Adoption—What is a soliloquy?

“Have you ever talked to yourself when you assumed nobody was listening? That’s a soliloquy. Adoption is a topic fraught with emotions, feelings, personal conflicts, tension, suspense, uncertainty, fear, and drama that stimulates self-reflection. It’s a topic that stimulates deep emotions and feelings coming from the heart and weighs them against the conscious realities of the mind. Every decision has collateral damages and lasting consequences—no wonder some individuals dealing with an adoption issue are prone to speaking to themselves out loud.” Judith Land

“O Romeo, Romeo, wherefore art thou Romeo?” This is the opening sentence of a romantic soliloquy by William Shakespeare. Juliet is speaking to herself, painfully wishing that her boyfriend Romeo had been born to different parents.

Hamlet exposes his innermost thoughts to the audience in a soliloquy. He is conflicted about whether he should continue to oppose city hall amidst a sea of troubles or simply give up. “Whether ’tis nobler in the mind to suffer the slings and arrows of outrageous fortune, or to take arms against a sea of troubles…”


Soliloquies are used to express our inner thoughts, personal problems and feelings, resolve arguments, explore different sides of an issue, and seek solutions to problems that trouble us. A soliloquy is a way of “talking to oneself” in a monologue, a poem, a dramatic speech, or unspoken reflections in response to events that trouble us. Speakers are trapped in their private thoughts in ways that reveal their emotions and feelings, motivations, and desires that would never be spoken aloud, if they were “aware” of anyone listening.

Emotional engagement is essential in the act of talking to oneself, particularly when we are conflicted about something that is explicitly going on in our life and there is a difficult decision to be made. Soliloquies illuminate our intimate thoughts, plans, pains, and motives in response to the events that trouble us. A soliloquy exposes our secret thoughts and intentions that we have in our mind by putting a light on relationships, thoughts, future actions, and the ways our decisions affect others.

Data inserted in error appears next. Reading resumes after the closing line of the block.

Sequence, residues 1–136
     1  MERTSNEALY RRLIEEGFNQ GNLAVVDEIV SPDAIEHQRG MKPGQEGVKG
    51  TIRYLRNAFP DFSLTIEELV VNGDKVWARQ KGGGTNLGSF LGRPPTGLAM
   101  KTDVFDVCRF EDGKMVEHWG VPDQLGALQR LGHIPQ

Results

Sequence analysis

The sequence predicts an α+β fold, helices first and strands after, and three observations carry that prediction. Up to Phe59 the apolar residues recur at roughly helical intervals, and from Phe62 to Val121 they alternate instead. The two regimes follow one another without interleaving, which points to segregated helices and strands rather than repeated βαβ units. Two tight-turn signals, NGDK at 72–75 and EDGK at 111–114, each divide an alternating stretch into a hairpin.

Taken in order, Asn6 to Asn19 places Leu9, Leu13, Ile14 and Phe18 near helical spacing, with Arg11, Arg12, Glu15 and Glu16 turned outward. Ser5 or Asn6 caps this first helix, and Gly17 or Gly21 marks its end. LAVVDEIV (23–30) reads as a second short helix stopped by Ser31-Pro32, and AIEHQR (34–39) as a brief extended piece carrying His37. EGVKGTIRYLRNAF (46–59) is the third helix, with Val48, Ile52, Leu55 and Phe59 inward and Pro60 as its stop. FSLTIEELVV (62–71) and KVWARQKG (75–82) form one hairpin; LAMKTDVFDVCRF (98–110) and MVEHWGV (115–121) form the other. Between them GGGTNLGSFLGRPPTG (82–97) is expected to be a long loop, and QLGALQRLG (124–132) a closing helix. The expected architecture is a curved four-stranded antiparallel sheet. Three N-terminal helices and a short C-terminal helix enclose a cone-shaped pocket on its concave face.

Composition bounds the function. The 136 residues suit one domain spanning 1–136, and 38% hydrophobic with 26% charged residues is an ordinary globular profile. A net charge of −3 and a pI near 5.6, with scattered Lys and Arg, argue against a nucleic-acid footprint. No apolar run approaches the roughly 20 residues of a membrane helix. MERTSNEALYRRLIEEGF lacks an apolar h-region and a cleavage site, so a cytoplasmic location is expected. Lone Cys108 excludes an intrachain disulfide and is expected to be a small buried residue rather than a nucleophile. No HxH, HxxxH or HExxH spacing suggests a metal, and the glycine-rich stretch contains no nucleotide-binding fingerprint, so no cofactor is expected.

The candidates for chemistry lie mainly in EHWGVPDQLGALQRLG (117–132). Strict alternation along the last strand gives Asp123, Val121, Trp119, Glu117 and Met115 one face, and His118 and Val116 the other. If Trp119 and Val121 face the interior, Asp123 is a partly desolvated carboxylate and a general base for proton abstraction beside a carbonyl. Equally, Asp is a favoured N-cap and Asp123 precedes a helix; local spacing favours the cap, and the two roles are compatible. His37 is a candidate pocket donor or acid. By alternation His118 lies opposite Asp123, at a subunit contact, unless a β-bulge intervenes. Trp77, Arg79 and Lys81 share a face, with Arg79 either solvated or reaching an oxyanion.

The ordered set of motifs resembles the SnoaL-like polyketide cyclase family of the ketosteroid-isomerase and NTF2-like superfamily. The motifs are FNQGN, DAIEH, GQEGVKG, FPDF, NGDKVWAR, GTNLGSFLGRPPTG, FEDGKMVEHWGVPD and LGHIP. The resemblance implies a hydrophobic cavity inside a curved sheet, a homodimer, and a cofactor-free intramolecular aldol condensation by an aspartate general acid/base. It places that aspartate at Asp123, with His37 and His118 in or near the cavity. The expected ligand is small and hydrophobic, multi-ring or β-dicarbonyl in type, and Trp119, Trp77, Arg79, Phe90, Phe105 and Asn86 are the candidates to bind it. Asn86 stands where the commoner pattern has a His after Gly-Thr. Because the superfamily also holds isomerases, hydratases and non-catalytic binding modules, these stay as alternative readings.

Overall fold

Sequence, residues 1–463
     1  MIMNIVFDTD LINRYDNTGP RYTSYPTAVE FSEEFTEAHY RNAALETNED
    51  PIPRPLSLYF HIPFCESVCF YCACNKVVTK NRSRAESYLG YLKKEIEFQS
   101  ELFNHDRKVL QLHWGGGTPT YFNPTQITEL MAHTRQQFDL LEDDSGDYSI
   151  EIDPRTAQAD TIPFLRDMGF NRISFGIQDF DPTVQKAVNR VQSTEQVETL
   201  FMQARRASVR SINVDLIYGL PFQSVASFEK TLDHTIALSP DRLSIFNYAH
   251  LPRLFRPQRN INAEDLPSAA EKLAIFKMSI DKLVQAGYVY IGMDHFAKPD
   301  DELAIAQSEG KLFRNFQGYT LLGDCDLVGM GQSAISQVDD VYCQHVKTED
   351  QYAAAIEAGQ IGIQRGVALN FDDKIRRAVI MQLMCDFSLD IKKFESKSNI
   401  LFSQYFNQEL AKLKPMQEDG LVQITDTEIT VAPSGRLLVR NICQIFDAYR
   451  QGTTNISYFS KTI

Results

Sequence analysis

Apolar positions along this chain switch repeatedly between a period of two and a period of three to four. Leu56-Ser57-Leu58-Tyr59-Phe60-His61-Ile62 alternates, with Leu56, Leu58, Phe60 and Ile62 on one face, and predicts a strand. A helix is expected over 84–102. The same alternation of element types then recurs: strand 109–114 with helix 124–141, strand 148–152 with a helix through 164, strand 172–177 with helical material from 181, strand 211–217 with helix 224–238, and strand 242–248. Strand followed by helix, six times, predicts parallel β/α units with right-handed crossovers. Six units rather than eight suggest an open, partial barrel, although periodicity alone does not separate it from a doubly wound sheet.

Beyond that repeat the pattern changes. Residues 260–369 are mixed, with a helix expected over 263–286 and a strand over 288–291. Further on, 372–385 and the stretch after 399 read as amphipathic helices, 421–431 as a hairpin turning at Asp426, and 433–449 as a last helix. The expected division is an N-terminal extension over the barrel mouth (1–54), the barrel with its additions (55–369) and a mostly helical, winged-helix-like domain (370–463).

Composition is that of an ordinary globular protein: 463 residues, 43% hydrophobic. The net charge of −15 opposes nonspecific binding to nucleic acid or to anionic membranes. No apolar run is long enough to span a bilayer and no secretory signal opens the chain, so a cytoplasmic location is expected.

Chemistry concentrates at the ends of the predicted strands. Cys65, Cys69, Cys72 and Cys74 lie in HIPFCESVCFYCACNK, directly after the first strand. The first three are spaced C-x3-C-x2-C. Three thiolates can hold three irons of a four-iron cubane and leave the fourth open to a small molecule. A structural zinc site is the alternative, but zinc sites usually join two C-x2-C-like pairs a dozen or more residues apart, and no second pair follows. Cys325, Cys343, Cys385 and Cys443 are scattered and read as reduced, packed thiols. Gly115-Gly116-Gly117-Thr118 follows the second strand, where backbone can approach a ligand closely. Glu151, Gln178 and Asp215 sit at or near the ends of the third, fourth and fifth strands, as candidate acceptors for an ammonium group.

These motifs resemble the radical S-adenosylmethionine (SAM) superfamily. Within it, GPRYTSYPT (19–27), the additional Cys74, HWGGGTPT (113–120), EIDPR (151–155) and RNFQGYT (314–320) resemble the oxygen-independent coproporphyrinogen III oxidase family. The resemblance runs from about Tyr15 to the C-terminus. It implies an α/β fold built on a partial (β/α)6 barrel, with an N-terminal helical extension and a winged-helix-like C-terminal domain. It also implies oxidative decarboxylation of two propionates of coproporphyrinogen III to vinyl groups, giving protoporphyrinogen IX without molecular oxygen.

Research suggests self-talk may help your brain perform better and that reading aloud helps sustain concentration and enhance performance. Soliloquies provide an emotional outlet for exposing strong feelings about difficult decisions that need to be made, especially when one is alone. They are a way of releasing raw emotional energy to describe perceptions, passions, apprehension, worries, and comprehension. Never be afraid to remind yourself how the topic of adoption has shaped your personality and family and altered your life’s trajectory.

Judith Land



About Judith Land

Judith Land lives in Colorado and Arizona with husband and coauthor Martin Land. Judith is a former nurse, retail shop owner, college instructor and avid outdoor person. Her book "Adoption Detective: Memoir of an Adopted Child" is a true story detailing the journey of Judith Romano, foster child and adoptee, as she discovers fragments of her background, and then sets out to solve the mystery as an adult. She has reached readers in 192 countries. "Mothers and fathers everywhere in the world need to understand that children are forever and always." --Judith Land
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